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close this bookAids Home Care Handbook (WHO, 1993, 178 p.)
close this folderPart II: Reference Guide
close this folderChapter Five: Management of the common symptoms of AIDS in the home
View the document(introduction...)
View the documentFever
View the documentDiarrhoea
View the documentSkin Problems
View the documentMouth and throat problems
View the documentCoughing and difficulty in breathing
View the documentGenital problems
View the documentNutrition problems
View the documentNausea and vomiting
View the documentAnxiety and depression
View the documentPain
View the documentTiredness and weakness
View the documentMental confusion and dementia

Nausea and vomiting

Problems and possible causes

Nausea and vomiting can be an important problem for people with AIDS. These symptoms may be caused by:

· medicines
· infections
· a problem with the stomach or intestines
· Kaposi sarcoma in the intestines
· HIV infection itself.

In some people with AIDS, nausea and vomiting are very short-lived, and go away by themselves or after treatment of the cause. In others, they are chronic or long-lasting and become a part of daily life.

What to do at home

If a person is having trouble with nausea and vomiting advise them to:

· avoid cooking smells if possible

· watch out for dehydration (see the section on diarrhoea in this chapter)

· talk to a health care worker, who may prescribe medicine to control the symptoms if they are very severe, in order to allow the person to eat. See the section on medicines for nausea and vomiting in Chapter Seven for further details.

If someone is vomiting severely they should:

· not eat any food or drink any fluids for one or two hours

· then gradually start drinking room-temperature water, oral rehydration solution, weak tea, or other clear liquids (about two tablespoonfuls an hour for two to three hours), or suck ice in small amounts

· then increase the amount of fluids to four to six tablespoonfuls an hour for two to three hours; the amount can be increased as desired but people should force themselves to keep taking fluids to make up for what they have lost.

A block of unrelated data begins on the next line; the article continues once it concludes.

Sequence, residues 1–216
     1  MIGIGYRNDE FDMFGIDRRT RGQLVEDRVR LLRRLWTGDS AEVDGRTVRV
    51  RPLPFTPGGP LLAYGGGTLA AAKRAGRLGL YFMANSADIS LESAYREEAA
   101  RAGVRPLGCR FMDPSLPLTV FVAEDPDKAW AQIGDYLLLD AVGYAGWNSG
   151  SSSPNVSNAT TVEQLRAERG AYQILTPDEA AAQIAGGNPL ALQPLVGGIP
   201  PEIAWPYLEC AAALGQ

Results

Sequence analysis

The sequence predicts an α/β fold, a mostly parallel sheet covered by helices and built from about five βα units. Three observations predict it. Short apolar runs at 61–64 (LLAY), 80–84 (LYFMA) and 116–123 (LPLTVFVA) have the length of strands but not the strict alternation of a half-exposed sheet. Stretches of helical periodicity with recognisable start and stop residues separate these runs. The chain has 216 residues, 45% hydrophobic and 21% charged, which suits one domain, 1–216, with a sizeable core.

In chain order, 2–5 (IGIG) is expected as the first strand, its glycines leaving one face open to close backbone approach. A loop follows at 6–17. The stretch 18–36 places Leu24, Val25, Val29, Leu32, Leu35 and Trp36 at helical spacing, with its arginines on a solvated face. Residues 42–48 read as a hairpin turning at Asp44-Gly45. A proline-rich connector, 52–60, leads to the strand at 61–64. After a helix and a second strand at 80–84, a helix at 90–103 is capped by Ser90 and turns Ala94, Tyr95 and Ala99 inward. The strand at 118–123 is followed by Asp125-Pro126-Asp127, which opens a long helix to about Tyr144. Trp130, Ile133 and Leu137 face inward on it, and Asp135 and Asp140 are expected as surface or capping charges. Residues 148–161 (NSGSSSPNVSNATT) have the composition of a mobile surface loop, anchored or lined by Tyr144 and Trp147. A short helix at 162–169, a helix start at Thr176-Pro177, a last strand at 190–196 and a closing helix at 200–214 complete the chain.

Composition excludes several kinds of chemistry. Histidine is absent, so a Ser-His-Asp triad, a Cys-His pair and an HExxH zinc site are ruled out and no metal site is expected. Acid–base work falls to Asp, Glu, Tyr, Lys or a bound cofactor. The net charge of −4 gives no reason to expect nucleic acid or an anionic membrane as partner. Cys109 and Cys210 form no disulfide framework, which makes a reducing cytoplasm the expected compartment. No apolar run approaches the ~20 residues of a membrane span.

As the nausea decreases, people should increase the amount and types of foods they eat. It may be best to start with small quantities of dry, plain foods such as bread, rice or cassava.

Frequent care of the mouth will remove the foul taste and freshen it. This can include rinsing the mouth with water, or gently scrubbing the tongue and gums with a soft toothbrush or cloth at least three or four times a day, then rinsing with dilute mouthwash or lemon water rinse.

Ventilating or freshening a room may make a person feel better and less nauseated.

It is also a good idea for people to identify and reduce the things that seem to make them feel nauseated, such as specific odours, medicines, or foods (high-fat foods, for example).

A cool compress applied to the forehead, or other things which help someone to relax, may be useful.

When sick people and their families must seek help

· If vomiting occurs repeatedly and fluids cannot be kept down - in such cases the sick person is at risk of becoming severely dehydrated.

· If regular vomiting lasts more than 24 hours, particularly if it is accompanied by pain in the abdomen.

· If the person has a fever in addition to the vomiting.

· If the sick person is vomiting violently, especially if the vomit is dark green, brown, or smells like faeces.

· If the vomit contains blood.

Notes on nausea and vomiting